3. Epidemiology of school challenges: About 10% to 15% of school-age children repeat or fail a grade in school. Grade failure is more likely among males, minorities, children living in poverty, and those in single-parent homes. Children who have disabilities are nearly 3x as likely to repeat at least one grade as are children without disabilities. Similarly, children who were small for gestational age (SGA) are nearly 2x as likely to experience school failure. Children who fail in school are more likely to engage in subsequent health-impairing behaviors as adolescents. Failing students also are more likely to drop out of school and have adverse adult health outcomes.
  4. Differential diagnosis for school difficulties: Possible causes of school challenges should include evaluating exogenous and endogenous factors. Exogenous factors include stressors in the home, poverty, and negative peer influence or school environment. Endogenous factors include learning disabilities, ADHD, chronic illness, perinatal conditions (e.g., prematurity, fetal exposures) and mental health disorders.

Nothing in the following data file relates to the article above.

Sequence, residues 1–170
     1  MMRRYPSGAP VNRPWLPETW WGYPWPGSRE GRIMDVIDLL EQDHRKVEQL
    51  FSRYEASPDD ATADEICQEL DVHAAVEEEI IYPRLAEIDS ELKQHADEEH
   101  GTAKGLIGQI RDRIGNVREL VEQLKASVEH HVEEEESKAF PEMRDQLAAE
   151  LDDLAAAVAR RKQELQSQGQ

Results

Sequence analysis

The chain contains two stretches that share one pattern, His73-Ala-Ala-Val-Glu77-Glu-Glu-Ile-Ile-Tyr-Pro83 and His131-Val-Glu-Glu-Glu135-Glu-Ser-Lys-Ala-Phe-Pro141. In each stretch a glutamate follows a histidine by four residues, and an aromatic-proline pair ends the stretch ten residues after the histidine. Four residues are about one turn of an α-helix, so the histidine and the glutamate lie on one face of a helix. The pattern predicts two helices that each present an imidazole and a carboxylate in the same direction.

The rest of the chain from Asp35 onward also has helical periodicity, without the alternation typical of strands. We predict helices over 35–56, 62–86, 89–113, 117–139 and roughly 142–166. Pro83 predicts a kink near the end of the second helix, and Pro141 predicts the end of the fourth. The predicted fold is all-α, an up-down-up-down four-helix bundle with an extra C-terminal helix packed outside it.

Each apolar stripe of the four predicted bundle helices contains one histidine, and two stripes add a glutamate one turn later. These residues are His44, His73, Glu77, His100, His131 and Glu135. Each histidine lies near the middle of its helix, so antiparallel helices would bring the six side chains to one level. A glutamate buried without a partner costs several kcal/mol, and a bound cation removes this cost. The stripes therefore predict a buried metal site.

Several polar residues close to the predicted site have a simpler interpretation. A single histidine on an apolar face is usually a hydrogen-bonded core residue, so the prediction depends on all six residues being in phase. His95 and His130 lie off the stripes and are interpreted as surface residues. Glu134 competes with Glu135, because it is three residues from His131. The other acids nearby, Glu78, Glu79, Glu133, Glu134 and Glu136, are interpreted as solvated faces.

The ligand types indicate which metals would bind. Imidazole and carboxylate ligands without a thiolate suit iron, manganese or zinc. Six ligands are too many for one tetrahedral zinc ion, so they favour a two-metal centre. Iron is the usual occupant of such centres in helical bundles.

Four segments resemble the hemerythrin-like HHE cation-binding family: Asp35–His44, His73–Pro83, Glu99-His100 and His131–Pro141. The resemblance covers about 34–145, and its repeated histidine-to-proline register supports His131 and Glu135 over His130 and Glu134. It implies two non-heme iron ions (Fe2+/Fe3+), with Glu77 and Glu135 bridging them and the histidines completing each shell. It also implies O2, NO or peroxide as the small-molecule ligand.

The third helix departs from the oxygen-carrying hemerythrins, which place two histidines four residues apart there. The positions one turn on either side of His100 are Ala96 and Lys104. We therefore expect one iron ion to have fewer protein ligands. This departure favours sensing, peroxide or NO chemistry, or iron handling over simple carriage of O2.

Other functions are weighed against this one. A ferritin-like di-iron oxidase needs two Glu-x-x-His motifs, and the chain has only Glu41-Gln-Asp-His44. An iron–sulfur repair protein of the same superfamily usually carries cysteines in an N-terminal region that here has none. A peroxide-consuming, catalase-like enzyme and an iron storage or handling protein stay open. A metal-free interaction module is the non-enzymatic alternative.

5. How can we help families facing school difficulties? Clinicians can help families identify the causes of school challenges and advocate for resources to improve a child’s academic trajectory. It can be very important for a child’s doctor to get involved with a child’s school to ask questions, discuss resources, and advocate for services. The law protects students’ rights to have their educational needs addressed through the Individuals with Disabilities Education Act (IDEA). Under IDEA, schools must identify children with disabilities, evaluate their needs, provide services, and guarantee due process, including the provision of Individual Education Plans, or IEPs. We can utilize the resources of school family advocates, omsbudsman, counselors, social workers, and medical-legal partners to advocate for children and their access to services.